Excerpt from A Record of European Armour and Arms, Vol. 5: Through Seven Centuries
This volume closes the late Sir Guy Laking's "History of European Armour and Arms." The Baron de Cosson in his introduction told us something of the author. As one of his more recent friends, I should like to add a few words.
Guy Francis Laking, the only son of Sir Francis the first baronet, a well-known physician of his time, was born on the 21st of October, 1875. As a little boy he was intensely interested in arms and armour, and before me lies an essay on "The Sword of Joan of Arc," written when he was ten years old.
He was educated at Westminster School. While there he would often steal away to Christie's to wander through their Galleries, and so numerous were his visits that the late Mr. Woods noticed the boy, and after asking his name called on Sir Francis Laking to inquire about him. The visit resulted in young Laking going to Christie's. It was there that he acquired his knowledge. For years he worked steadily; his work was from the beginning his great interest, and at an age when most men enter a profession he was already sufficiently qualified to express an expert opinion on many kinds of works of art. He remained at Christie's until he died, and his last catalogues of armour, which were those of the Breadalbane and Kennedy collections, show how wide was his knowledge of the subject. His catalogues were growing to be more and more authorities for reference; in his hands they ceased to be merely lists of names and numbers.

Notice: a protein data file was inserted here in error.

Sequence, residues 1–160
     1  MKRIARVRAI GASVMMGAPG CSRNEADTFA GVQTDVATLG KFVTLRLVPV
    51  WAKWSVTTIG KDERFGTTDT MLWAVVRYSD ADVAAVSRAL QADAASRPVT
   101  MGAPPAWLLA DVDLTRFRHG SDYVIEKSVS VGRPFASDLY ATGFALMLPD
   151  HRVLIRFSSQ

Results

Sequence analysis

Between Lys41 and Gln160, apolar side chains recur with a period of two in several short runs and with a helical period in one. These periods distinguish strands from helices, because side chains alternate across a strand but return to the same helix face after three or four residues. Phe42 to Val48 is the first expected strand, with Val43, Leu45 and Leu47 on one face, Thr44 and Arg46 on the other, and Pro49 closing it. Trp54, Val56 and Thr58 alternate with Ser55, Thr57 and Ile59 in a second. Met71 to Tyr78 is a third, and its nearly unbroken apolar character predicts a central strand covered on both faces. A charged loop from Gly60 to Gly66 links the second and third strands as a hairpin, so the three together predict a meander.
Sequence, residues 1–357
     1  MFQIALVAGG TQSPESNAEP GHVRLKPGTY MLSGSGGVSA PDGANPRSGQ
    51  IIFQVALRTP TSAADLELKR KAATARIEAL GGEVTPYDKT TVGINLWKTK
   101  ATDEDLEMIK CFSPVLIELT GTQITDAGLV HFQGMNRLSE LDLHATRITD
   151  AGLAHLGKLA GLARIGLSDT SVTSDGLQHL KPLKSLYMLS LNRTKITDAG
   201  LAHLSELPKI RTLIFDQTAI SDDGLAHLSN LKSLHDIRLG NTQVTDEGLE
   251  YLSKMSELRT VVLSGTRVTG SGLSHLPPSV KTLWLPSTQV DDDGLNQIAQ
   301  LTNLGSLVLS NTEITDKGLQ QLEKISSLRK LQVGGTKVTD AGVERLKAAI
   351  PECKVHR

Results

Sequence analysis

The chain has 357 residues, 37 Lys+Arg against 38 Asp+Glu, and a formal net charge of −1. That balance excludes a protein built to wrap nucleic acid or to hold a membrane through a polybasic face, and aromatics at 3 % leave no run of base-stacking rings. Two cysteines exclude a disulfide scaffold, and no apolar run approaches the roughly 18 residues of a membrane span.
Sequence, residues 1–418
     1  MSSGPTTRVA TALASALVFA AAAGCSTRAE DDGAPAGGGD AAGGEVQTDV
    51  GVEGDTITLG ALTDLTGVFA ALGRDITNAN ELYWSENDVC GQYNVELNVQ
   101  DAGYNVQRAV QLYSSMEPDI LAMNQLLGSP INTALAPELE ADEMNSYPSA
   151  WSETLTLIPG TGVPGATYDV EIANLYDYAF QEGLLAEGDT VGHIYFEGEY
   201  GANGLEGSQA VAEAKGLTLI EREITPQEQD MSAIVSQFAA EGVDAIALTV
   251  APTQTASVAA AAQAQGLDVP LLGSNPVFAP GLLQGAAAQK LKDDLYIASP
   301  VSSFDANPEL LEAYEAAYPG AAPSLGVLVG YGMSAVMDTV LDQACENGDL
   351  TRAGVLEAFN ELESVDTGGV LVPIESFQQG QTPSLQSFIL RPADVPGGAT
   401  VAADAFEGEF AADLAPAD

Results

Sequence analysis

When he died his name as a great judge of armour was known all over Europe. On mediaeval and renaissance works of art and on pictures his opinion was widely sought, and although he did not pretend to be a judge of furniture, porcelain, or tapestry, his criticism was greatly valued. He was passionately attracted from his earliest age by Chinese and Japanese art, to the study of which he always said he hoped one day to devote himself.
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